Thursday, 9 April 2015

Outdoor life and recreation in London - parks, lakes and city farms

More to London than just its famous buildings

London is the cosmopolitan capital of the UK, and apart from famous buildings, such as Buckingham Palace and Westminster Abbey, as well as places of interest like Trafalgar Square, the city has plenty of parkland offering inner city recreational areas.


Primrose Hill, London (Photo: yaili)


Hyde Park

One of London’s largest and most well-known parks is Hyde Park.  It is one of the eight Royal Parks of London and is famous for its Speakers’ Corner where lively outdoor public speaking and debate can take place.



Speakers’ Corner (Photo: Wally Gobetz)


Visitors to London often choose hotel accommodation for the length of their stay and there are plenty of hotels to choose from near Hyde Park.


Hyde Park has a large lake known as the Serpentine. It is often used for sporting activities including swimming. In 2012 it was the venue for marathon swimming events in the Olympics.

Ducks, geese and a heron on the Serpentine (Photo: Christine Rondeau)


The western half of this lake is called the Long Water. It is divided from Hyde Park by a bridge and is in Kensington Gardens.



The Long Water (Photo: Jon Colverson)


Regent’s Park

Regent’s Park is a very large park situated in the heart of London’s north-west.



Regent’s Park Lake (Photo: S Pakhrin)


Its 395 acres contain many attractions and amenities, including London Zoo, Queen Mary’s Gardens, Primrose Hill, Regent’s Park Lake, and the largest outdoor sports area in London.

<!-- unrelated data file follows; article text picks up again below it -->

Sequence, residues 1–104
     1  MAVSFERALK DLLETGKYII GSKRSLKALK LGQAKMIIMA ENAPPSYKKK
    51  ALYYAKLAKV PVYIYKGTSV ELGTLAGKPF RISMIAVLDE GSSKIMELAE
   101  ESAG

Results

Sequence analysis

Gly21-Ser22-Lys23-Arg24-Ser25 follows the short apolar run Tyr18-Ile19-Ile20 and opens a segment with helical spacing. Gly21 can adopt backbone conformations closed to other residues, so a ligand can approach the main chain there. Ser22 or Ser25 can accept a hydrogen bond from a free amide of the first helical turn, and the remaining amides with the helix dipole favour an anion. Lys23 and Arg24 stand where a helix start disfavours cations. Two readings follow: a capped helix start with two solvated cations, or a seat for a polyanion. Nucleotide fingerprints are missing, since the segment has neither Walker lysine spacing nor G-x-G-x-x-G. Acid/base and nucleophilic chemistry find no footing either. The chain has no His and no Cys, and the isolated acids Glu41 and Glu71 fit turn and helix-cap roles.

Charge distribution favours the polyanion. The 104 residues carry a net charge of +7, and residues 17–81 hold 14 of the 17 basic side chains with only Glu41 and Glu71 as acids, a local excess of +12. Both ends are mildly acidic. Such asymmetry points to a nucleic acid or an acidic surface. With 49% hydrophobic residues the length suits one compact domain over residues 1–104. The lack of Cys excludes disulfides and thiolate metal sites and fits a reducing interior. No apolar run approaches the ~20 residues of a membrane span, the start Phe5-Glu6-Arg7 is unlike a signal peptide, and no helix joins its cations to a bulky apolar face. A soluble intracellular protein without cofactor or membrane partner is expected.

St James’s Park

St James’s Park is another of the Royal Parks of London with its own lake.



Pelicans in St James’s Park (Photo: Garry Knight)


Here you can expect to see ducks, geese and even a resident colony of pelicans.


Richmond Park

Richmond Park is the largest of all the London parks and is situated in the south-west of the city.




Deer in Richmond Park (Photo: Sam Greenhaigh)


It is important for nature conservation and has hundreds of deer living in it, as well as a number of ponds and streams that attract wildlife.


Green Park

Green Park lives up to its name because this park in central London has no buildings and no lake, but plenty of grass, flowers, bushes and trees.



Baseball in Green Park (Photo: nikoretro)


Its peaceful atmosphere make it a great place to relax and very popular with sunbathers.


London’s Commons and Heaths

London also has a lot of commons and heaths that make great places for walking, having picnics, relaxing and enjoying nature.



Hampstead Heath (Photo: Francisco Antunes)


Clapham Common and Hampstead Heath are two of the most well-known.


London’s City Farms

London has many city farms that offer a slice of rural life without leaving the city.



Hackney City Farm  (Photo: Rosa G.)


These farms often offer volunteer programmes as well as catering for children.


The River Thames




A view of the River Thames (Photo: Berit Watkin)

Besides the parks, commons and city farms, London’s River Thames offers all sorts of outdoor activities, including boating, water sports, wildlife spotting or simply strolling on the riverbanks.
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